Shifts in global economic and political power, resource constraints, the country's economic growth, governance, social fabric, and technology were likely to be the key driving forces (KDFs) that would affect South Africa's development up to 2025.
This was identified by the Policy Coordination and Advisory Services (PCAS) unit of the Presidency, as part of its Scenarios 2025: The future we chose? report.
PCAS stated that these scenarios were not predictions of South Africa's future or roadmaps, but rather "informed speculation" about some plausible paths that the country could have taken between 2009 and 2025.
"We are not saying this is what is going to happen. [These scenarios] identify probable, but plausible, trajectories for the evolution of South African society and the global environment as it impacts on us," the Presidency Policy Unit head Joel Netshitenze, said at the launch of the report in Pretoria on Tuesday.
PCAS had conducted 65 interviews with people from a range of backgrounds, including the media, businesses, government, trade unions, academics and civil society, among others.
Out of these interviews, the unit identified 24 factors that would shape the future of the country, which was then further defined to form the seven KDFs that were likely to affect South Africa's development.
Firstly, the unit noted that the industrialisation and growth of China and India, as well as their growing demand for resources and markets was changing the world, making a shift in global economic power a possibility.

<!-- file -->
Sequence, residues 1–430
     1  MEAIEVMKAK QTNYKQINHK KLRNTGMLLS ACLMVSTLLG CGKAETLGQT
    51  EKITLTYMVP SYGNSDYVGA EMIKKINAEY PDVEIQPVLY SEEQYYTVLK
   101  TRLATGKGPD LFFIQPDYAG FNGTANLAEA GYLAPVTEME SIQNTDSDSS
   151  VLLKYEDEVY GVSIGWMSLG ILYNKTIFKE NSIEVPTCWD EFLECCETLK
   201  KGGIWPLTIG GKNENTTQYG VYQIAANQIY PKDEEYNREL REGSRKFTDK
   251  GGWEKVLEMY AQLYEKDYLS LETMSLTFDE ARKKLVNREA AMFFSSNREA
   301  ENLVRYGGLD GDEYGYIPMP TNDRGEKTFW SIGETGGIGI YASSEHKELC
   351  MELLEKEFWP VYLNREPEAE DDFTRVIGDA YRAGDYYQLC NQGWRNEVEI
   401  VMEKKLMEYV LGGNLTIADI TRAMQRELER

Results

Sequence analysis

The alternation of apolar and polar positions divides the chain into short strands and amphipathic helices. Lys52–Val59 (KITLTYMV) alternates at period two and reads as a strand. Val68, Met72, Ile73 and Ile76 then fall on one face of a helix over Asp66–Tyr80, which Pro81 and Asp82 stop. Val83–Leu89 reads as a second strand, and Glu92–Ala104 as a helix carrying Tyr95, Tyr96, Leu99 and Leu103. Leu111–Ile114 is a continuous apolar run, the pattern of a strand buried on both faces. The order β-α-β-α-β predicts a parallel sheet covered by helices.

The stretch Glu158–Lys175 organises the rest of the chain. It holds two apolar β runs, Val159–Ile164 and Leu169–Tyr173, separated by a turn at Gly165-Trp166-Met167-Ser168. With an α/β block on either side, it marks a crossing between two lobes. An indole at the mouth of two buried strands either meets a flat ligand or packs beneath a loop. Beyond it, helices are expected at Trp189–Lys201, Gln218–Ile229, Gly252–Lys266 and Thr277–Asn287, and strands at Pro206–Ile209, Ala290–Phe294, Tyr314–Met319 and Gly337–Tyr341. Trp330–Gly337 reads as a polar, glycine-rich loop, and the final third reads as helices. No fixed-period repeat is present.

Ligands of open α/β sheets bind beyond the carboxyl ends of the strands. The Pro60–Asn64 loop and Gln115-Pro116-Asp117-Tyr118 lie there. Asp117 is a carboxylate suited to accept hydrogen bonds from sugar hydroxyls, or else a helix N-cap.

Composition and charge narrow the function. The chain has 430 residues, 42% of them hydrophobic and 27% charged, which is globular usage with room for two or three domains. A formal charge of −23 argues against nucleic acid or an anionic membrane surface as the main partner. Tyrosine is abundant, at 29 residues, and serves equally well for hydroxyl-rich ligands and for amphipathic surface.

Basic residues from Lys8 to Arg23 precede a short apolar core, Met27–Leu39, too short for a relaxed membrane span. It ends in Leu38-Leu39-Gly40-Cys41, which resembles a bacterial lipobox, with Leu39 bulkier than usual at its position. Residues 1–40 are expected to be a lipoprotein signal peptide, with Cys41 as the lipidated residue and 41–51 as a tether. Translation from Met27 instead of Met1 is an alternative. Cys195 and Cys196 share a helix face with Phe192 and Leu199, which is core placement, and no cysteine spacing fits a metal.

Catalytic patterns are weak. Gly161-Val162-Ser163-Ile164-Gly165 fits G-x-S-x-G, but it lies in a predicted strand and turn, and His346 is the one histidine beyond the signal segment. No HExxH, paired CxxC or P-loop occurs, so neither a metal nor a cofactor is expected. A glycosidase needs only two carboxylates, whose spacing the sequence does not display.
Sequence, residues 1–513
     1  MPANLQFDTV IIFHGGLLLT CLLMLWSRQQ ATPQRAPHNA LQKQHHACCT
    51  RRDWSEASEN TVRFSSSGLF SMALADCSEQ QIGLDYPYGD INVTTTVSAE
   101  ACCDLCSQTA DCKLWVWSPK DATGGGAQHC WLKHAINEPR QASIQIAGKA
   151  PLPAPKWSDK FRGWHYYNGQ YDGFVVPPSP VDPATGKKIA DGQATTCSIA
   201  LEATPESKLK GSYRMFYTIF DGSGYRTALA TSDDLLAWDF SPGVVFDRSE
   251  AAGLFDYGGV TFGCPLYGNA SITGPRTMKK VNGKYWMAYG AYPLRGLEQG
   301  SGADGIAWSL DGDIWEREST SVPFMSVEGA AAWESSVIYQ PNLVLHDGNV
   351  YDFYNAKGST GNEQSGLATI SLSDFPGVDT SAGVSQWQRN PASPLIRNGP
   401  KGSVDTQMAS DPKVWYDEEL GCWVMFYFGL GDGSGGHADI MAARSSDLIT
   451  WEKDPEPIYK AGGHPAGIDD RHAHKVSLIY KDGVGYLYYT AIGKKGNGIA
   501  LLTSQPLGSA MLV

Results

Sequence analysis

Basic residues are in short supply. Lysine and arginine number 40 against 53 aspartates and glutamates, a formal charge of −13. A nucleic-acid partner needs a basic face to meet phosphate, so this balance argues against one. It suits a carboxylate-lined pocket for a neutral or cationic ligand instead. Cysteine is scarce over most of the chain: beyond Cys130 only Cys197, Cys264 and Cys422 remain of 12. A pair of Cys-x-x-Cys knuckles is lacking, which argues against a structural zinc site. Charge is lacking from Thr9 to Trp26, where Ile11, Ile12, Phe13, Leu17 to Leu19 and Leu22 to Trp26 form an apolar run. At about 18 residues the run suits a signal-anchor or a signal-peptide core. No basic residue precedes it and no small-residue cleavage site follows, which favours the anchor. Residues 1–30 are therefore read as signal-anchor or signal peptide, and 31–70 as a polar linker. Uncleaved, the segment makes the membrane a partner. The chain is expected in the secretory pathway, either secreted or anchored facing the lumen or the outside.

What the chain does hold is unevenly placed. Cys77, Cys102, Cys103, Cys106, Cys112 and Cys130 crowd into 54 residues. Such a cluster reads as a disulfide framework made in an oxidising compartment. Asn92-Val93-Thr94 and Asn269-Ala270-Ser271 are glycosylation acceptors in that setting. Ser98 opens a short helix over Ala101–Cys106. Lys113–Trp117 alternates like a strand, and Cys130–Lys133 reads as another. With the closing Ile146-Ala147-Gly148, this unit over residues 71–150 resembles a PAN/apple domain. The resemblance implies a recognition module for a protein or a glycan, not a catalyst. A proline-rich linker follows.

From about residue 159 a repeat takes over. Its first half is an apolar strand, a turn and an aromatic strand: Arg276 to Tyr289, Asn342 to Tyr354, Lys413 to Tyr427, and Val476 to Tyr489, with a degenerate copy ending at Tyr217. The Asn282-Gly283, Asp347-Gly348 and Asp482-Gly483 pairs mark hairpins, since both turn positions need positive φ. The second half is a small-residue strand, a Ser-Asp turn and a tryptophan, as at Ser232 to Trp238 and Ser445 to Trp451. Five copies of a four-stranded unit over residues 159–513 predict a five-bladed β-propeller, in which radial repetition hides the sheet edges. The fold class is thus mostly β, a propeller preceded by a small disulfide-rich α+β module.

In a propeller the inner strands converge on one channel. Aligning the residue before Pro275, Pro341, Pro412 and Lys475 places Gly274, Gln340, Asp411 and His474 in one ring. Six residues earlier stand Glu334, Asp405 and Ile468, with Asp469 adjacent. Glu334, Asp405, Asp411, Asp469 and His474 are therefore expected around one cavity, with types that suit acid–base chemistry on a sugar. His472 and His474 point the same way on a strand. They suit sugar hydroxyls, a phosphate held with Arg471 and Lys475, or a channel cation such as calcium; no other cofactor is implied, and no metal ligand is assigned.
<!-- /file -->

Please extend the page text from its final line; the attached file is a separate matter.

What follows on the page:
The report pointed out that China's gross domestic product (GDP) was expected to be similar to that of the US by 2025, if current trends continued.
The US's GDP was currently more than double the GDP of China and India combined.
This meant that China's GDP, over a period of three decades, would have to grow at double the rate of the GDP of the US or the European Union by 2025.
The report also noted that it appeared that the growth of Brazil, Russia, India and China, as well as the "oil bounty" of Middle Eastern countries, would do more for Africa's economic growth in the next 20 years than 60 years of investment and aid from Western countries had done.
However, the unit noted that there were also dangers, as China and Russia could be "as cavalier in their disregard for democracy and human rights as the US and ex-colonial powers have been in the past".
Further, Netshitenze commented that the fastest growing economies in the world would be those that increased their ability to trade, adding that trade would account for more than half of global GDP by 2025.
The unit also noted that by 2025 Africa's "economic clout" would also have grown significantly, but that South Africa may not be the main driver behind this.
The report noted that other continental powers could grow faster, or could be led more effectively than South Africa.
Meanwhile, the report also noted that a shift in global political powers was the second KDF, with shifts in international power relationships partially reflecting a shift in economic power.
The report explained that the US's military budget remained larger than those of the next 15 biggest economies in the world, combined.
Despite the US expected to still have the "most formidable" armed force by 2025, this would be on a much smaller scale than in 2008.
Further, PCAS noted in the report that a multi-lateral approach to global problems was likely to have been followed by 2025, which would have led to an expansion of early intervention mechanisms, the rapid deployment of peacekeepers and more united action by the UN, the G8, and other similar organisations.